Keep in mind that the tile surface is not waterproof. Water does get under tiles and into the shower pan bed. Without knowing how your pan was constructed and how the drain was installed, it is hard to say just throwing tile over it all is a good idea or not.

If you don't care, just be careful when grouting. You could always caulk first, let it cure, then grout.
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Old 09-06-2019, 04:28 PM   #6
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How about pushing some foam backer rod into that gap, grouting, then pulling the backer rod out, then filling that gap with caulk? Because it would compress, you'd still have the irregular gap, but still have a physical gap you could fill with caulk after removal.

Or, you could use something like this: https://www.schluter.com/schluter-us...WA/p/DILEX_BWA and grout up to the edge.
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Old 09-06-2019, 07:26 PM   #7
sfbayjay
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Quote:
If you have no idea of what you are doing, then I guess it would be possible to mess it up.
I have SOME idea what I'm doing, I think. But since I don't know what's under the existing tile, I do have some apprehension about breaking out the existing tiles, especially since it seems to be in good shape and I'm told it's possible to tile over the top.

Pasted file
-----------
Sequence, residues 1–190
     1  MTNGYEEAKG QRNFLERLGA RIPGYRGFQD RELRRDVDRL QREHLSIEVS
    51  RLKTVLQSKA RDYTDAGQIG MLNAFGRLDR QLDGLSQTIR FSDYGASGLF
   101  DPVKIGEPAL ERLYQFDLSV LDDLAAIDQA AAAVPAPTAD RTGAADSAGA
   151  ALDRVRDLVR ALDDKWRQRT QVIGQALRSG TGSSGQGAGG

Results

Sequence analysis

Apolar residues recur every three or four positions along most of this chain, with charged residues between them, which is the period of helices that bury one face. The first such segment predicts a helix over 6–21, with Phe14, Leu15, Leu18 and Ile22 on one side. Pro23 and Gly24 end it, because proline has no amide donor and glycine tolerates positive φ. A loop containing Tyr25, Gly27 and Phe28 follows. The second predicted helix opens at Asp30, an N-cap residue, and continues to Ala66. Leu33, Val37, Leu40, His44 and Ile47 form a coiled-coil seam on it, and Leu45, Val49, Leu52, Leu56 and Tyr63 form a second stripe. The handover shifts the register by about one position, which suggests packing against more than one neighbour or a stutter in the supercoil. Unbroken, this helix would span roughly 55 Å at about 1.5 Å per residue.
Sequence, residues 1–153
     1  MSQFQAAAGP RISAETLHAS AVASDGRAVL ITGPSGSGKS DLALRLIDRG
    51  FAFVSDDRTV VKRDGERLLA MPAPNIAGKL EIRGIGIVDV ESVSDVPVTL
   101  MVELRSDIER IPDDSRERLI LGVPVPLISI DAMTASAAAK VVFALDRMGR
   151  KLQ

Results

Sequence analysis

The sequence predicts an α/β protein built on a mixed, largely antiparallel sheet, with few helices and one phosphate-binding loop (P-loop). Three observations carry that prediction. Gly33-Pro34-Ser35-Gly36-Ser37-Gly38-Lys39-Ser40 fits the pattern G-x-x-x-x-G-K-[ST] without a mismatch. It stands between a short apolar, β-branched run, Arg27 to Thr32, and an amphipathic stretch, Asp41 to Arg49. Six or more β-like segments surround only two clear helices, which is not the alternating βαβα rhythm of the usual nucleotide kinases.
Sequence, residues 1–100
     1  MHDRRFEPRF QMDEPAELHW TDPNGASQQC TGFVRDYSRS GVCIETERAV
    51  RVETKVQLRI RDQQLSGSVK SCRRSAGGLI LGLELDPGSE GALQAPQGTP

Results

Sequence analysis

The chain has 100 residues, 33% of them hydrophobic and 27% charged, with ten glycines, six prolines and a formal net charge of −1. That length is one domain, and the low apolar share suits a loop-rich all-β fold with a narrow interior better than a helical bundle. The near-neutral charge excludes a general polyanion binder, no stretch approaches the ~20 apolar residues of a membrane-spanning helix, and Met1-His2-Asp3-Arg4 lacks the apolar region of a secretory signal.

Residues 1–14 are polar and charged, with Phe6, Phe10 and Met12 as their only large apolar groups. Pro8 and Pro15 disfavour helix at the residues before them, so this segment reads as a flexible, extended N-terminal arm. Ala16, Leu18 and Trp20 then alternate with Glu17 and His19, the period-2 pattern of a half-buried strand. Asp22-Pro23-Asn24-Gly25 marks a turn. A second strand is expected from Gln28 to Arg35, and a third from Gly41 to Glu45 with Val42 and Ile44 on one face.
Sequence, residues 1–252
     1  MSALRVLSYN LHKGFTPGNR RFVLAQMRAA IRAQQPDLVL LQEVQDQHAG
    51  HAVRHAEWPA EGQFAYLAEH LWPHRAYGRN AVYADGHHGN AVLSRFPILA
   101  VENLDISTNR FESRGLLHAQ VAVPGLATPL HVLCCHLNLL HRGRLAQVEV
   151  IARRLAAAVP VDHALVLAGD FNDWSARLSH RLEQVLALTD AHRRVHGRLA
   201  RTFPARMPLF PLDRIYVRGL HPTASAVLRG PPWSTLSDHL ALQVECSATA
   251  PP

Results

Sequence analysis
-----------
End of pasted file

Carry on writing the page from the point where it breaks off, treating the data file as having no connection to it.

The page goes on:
All I can really tell is that there's a 3 piece drain with what appear to be weep holes around the perimeter maybe 1.5 to 2 inches below the finished surface of the existing tile. Shower was built in 2004 as part of an addition. The shower base/pan appears to be custom, as opposed to a prefab unit. Other than that I have no idea.
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Old 09-06-2019, 07:29 PM   #8
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Quote:
How about pushing some foam backer rod into that gap, grouting, then pulling the backer rod out, then filling that gap with caulk?
That's a good idea, and it gives me a couple of other ideas as to how I can establish and maintain a consistent expansion joint around the perimeter of the floor. Thanks!

Any further thoughts on whether I should go with a primer like Mapei Eco Prim Grip, assuming I decide to go forward with tiling over the existing tile floor? Or should I try for some more mechanical abrasion - I read somewhere about using an angle grinder to really roughen up the faces of the existing tiles.

Ideas and advice welcome. Thanks again!
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Old 09-06-2019, 09:27 PM   #9
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Get some sill seal, and use a couple spots of hot glue to attach a layer or two to the walls. Set and grout the pebbles, pull the sill seal and silicone that gap.